By Sharon Atieno
With more than half of the world’s ocean being overfished, African countries have been urged to ratify the fisheries subsidies agreement being proposed by the World Trade Organization (WTO).
Dr. Ngozi Okonjo-Iweala, WTO’s Director General said during a press briefing with journalists in Geneva, Switzerland at the sidelines of WTO Public Forum.
Overfishing- catching fish faster than their ability to be replenished- affects almost 90% of global marine fish stocks.
The Fisheries Subsidies Agreement which was adopted by Member States in 2022 advocates for three main goals including curbing subsidies to illegal, unreported and unregulated (IUU) fishing, prohibiting subsidies to fishing on overfished stocks and on the unregulated high seas.
Under IUU fishing, the Agreement prohibits subsidies for fishing or fishing-related activities when an IUU determination is made by a coastal Member, a flag State Member, or a relevant Regional Fisheries Management Organization/Arrangement (RFMO/A), within their respective competence.
It also provides procedural guidance regarding how an IUU determination triggers the subsidy prohibition, as well as the proportionality of the IUU determination.
To trigger the prohibition, coastal state IUU determinations are subject to notification and information exchange provisions, and IUU listings by RFMO/As are subject to their own applicable procedures and international law, including notification and provision of information.
Concerning proportionality, the subsidizing Member is to take into account the nature, gravity and repetition of the IUU fishing committed when setting the duration of the prohibition, which is to be at least as long as the sanction resulting from the IUU determination.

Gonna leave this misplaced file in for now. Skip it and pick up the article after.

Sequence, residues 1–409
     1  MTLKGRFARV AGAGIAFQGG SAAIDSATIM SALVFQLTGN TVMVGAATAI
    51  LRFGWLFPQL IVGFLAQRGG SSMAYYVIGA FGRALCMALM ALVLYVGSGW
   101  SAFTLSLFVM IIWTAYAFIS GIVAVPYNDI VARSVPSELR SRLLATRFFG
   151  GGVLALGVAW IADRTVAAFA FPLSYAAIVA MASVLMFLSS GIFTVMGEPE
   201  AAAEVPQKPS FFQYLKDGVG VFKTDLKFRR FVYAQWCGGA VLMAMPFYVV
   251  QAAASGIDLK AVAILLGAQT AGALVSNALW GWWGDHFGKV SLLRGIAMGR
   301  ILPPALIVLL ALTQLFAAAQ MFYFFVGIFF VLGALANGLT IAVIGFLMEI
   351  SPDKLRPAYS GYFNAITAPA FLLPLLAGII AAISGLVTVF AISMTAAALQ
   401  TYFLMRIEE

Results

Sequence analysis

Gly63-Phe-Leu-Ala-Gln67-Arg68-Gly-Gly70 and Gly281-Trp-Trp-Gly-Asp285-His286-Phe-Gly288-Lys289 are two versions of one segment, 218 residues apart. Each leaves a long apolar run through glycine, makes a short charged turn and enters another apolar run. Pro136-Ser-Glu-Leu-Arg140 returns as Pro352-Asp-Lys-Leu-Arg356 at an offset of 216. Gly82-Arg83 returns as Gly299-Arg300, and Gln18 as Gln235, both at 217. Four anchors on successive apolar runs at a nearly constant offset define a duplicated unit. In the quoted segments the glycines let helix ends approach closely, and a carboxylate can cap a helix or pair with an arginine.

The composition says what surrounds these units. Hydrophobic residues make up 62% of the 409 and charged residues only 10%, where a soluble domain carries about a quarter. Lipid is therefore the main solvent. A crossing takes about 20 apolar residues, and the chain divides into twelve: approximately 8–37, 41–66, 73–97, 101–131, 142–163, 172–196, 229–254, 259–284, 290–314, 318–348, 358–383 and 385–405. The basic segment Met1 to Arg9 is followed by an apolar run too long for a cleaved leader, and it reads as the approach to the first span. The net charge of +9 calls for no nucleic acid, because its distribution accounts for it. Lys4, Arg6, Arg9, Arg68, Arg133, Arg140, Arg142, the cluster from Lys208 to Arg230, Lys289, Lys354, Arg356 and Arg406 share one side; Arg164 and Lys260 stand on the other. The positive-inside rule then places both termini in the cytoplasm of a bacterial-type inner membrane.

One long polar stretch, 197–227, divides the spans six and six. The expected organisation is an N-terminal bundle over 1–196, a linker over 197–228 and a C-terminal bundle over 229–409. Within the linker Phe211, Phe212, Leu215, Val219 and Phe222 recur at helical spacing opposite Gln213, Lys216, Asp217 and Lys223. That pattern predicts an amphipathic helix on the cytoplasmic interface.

With regards to subsidies on overfished stocks, the Agreement prohibits subsidies for fishing or fishing-related activities regarding a stock in an overfished condition as determined by a coastal Member or RFMO/A within its competence.
It also allows a Member to continue providing subsidies for fishing an overfished stock only if the subsidy is for rebuilding the stock, or other measures are implemented for this purpose.
Under the subsidies provided to fishing or fishing-related activities in the unregulated high seas, the Agreement prohibits subsidies provided to fishing or fishing-related activities outside the jurisdiction of a coastal Member or a coastal non-Member, and outside the competence of a relevant RFMO/A, that is, in areas and for species not covered by that RFMO/A.
For the Agreement to be operational, two-thirds of the Member States, about 110 Members, have to ratify it. So far only the 43 Member States have ratified it. Of these Nigeria, Gabon and Seychelles are the only African countries.
Dr. Okonjo-Iweala said that this Agreement if ratified will halt depletion of fish stocks in the oceans for posterity’s sake as well as to protect the livelihoods of millions of people depending on the fisheries sector, especially in developing countries.
“The longer we wait the more overfishing there is,” she said.
Additionally, Dr. Okonjo-Iweala noted that WTO is rallying rich countries to help set up a fisheries fund with the aim of generating US$ 20 million to help developing countries build their capacity to implement the Agreement. However, these countries first have to ratify for them to get the assistance.
If ratified by the Member States, the Fisheries Subsidies Agreement will have helped to attain one of the targets of the sustainable development goal (SDG) 14 specifically, target 6 which calls for prohibiting certain forms of fisheries subsidies that contribute to overcapacity and overfishing, and eliminating subsidies that contribute to IUU fishing, and refrain from introducing new such subsidies, recognizing that appropriate and effective special and differential treatment for developing and least developed countries should be an integral part of the WTO fisheries subsidies negotiation by 2020.